BC Hydro has carved a major update of its information technology systems into small portions, allowing it to elude scrutiny by the independent utilities watchdog. But smaller projects did not prove to be more manageable – an updated accounting for a string of projects shows cost overruns have plagued the Crown corporation's IT ambitions.
Two months after the NDP energy critic Adrian Dix asked for financial details on the Crown corporation's IT upgrades, Hydro has provided answers on four of the projects that are part of the systems overhaul. None was reviewed in advance by the B.C. Utilities Commission because each project was forecast to be completed for less than $20-million. All four ended up over budget.
"The implementation of these schemes have been a disaster," Mr. Dix said Tuesday. "They want the big solution, the one ring to rule all. Then it costs far more than they think and it doesn't achieve what they want it to achieve."
Last month, the minister responsible for BC Hydro, Bill Bennett, apologized to ratepayers for wasted money associated with the Crown corporation's transition to SAP software. SAP is a software company that specializes in corporate applications that allow companies to manage business functions such as accounting, human resources and other "backshop" databases.
But Hydro has still not answered questions about the total cost of the program or when the work will be complete. "BC Hydro has adopted an incremental approach to rolling out SAP," Greg Reimer, executive vice president of Hydro, said in a June 12 letter to Mr. Dix.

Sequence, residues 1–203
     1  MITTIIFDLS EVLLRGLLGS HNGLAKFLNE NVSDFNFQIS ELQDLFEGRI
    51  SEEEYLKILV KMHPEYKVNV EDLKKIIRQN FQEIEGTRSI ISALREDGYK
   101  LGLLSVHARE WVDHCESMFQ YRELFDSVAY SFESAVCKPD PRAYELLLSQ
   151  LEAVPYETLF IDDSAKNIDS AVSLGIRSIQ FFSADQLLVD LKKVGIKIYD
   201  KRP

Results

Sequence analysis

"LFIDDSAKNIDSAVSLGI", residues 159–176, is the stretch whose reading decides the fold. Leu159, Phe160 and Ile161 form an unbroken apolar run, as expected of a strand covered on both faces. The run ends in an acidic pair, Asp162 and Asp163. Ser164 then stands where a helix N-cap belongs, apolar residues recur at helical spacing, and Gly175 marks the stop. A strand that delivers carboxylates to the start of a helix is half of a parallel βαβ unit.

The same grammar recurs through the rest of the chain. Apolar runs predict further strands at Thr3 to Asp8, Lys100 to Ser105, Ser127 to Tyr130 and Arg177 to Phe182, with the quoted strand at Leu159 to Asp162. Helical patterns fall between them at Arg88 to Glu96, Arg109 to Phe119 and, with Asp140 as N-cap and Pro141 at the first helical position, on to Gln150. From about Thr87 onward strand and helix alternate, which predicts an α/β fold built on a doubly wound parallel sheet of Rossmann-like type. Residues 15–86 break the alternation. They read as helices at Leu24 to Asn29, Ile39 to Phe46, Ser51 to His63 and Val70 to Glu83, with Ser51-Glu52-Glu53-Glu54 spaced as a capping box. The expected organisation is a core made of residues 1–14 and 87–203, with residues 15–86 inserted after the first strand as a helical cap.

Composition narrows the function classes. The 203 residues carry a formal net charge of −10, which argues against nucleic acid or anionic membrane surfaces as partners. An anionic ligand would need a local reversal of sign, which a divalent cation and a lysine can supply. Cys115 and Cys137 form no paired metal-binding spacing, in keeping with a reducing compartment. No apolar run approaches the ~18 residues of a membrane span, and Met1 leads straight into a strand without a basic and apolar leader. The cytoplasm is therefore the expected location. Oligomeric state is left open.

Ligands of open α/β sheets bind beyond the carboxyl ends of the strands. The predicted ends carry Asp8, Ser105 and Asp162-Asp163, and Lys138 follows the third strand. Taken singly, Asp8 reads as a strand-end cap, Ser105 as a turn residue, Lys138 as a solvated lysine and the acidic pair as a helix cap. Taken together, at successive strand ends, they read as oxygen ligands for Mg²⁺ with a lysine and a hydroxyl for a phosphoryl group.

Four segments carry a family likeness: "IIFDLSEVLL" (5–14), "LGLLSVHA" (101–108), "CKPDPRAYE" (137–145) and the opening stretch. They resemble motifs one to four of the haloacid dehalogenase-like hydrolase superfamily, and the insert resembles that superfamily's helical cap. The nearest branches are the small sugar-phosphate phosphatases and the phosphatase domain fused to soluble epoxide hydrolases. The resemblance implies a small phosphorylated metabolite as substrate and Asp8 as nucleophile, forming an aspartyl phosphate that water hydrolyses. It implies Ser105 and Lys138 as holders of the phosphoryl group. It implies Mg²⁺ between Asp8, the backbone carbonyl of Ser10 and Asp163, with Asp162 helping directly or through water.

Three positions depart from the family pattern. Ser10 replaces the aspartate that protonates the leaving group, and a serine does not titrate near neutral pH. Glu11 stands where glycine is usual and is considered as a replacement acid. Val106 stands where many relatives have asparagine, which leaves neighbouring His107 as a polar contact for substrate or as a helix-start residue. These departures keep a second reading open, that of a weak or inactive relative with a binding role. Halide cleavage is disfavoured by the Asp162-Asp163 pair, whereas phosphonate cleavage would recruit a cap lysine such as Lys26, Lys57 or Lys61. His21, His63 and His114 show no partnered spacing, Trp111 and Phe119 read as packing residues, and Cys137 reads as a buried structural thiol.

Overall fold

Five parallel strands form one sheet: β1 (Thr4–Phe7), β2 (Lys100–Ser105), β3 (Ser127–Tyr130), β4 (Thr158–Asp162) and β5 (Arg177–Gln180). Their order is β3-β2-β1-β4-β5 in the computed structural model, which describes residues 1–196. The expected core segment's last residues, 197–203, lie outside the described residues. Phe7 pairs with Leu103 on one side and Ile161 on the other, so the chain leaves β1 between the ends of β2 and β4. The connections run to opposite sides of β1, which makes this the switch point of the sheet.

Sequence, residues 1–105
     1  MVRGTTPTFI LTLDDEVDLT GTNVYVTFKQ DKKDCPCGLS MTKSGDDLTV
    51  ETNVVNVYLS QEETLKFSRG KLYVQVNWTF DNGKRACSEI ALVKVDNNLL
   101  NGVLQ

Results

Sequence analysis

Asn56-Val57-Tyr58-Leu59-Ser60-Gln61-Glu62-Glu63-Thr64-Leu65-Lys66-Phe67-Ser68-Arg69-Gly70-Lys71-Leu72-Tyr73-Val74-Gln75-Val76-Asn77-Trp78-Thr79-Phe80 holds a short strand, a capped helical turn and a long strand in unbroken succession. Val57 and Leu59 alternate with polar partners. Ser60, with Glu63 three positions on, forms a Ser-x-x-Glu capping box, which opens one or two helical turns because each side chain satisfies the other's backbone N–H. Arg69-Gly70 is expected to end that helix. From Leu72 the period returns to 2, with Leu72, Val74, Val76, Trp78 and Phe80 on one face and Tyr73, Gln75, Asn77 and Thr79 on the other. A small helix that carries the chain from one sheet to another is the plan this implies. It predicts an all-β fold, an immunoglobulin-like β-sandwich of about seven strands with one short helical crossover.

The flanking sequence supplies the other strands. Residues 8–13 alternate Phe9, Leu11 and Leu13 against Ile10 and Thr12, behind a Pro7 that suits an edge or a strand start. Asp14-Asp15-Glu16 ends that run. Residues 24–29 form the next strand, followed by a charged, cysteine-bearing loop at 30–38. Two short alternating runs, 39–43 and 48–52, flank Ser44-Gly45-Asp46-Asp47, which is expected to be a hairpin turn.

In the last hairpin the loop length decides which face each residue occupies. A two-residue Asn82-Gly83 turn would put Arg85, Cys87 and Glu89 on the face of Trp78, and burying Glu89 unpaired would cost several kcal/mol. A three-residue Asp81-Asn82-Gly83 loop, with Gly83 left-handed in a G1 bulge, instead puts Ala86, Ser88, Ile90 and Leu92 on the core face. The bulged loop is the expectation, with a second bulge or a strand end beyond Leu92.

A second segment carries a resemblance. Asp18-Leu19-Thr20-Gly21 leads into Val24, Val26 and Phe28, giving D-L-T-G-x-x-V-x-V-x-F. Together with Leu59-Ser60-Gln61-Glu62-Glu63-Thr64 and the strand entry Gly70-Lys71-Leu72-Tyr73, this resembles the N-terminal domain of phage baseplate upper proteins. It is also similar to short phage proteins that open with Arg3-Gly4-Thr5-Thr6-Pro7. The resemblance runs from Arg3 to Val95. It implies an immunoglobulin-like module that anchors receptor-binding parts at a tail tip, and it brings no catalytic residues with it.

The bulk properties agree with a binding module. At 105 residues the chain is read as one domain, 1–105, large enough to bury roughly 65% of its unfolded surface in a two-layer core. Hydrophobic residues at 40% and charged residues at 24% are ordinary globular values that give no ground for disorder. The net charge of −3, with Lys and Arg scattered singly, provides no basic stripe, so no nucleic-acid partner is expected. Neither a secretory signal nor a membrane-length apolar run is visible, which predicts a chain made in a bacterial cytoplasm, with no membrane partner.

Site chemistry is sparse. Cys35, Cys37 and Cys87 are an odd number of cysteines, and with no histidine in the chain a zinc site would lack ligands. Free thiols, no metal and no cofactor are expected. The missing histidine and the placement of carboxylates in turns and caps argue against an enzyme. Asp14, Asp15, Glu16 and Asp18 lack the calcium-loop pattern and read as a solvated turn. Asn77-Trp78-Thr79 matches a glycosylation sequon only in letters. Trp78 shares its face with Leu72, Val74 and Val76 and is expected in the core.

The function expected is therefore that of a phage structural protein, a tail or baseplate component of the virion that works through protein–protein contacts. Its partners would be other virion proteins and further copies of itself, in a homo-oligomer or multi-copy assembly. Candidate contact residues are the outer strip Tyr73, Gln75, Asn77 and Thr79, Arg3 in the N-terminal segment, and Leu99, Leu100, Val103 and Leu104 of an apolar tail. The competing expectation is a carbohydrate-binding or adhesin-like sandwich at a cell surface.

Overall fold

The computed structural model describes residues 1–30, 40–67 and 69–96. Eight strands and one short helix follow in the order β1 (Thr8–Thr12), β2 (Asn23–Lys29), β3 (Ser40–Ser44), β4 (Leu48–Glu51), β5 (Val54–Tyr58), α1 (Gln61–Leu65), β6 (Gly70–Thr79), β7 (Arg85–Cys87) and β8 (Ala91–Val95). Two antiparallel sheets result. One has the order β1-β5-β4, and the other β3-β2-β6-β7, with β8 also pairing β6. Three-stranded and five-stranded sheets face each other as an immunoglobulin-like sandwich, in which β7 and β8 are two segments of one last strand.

Mr. Reimer did provide details about two parts of the SAP software program and both are overbudget.
The financial systems project was going to be upgraded for $7.2-million in 2009, but new accounting requirements led to the decision to switch to SAP instead, at a cost of $16.1-million.
The project management program also grew in scope when Hydro regained responsibility for its transmission lines. A $15-million IT upgrade was abandoned and the SAP platform was introduced instead at a cost of $21-million.
"They said they would move to SAP … and as a matter of practice they divided the contracts into increments under $20-million because they have contempt for the BCUC," Mr. Dix said. "That's fundamentally dishonest."
BC Hydro rejected the option of going to SAP software in 2008, warning it would take too many resources and provide too little savings. But it later decided to implement the software across seven departments.
BC Hydro's IT plans are reported to the utilities commission but only projects that are expected to be more than $20-million are submitted in advance for independent scrutiny of needs, benefits and costs.
Another project was launched as a minor upgrade of the Hydro website with a $2-million budget. It was completed at a cost of $17.5-million after Hydro decided that the off-the-shelf software would not meet its requirements.
Simi Heer, a spokeswoman for Hydro, said Tuesday the overall budget for IT has been kept in check by cutting or delaying other plans to make up for the cost overruns. "Technology changes constantly," she noted. "Some priorities get shifted."
She said the website upgrade is one example of an emerging priority. "It's absolutely necessary, customer service lives on online now. We have more than one million customers using it already."
Ms. Heer added that the shift to the SAP platform emerged as the better choice because the corporation's existing software was proving to be difficult to maintain and upgrade.
"SAP it is a large project, we are a large company with 1.9 million customers and 5,000 employees: It's a big technology system we need to run a big company."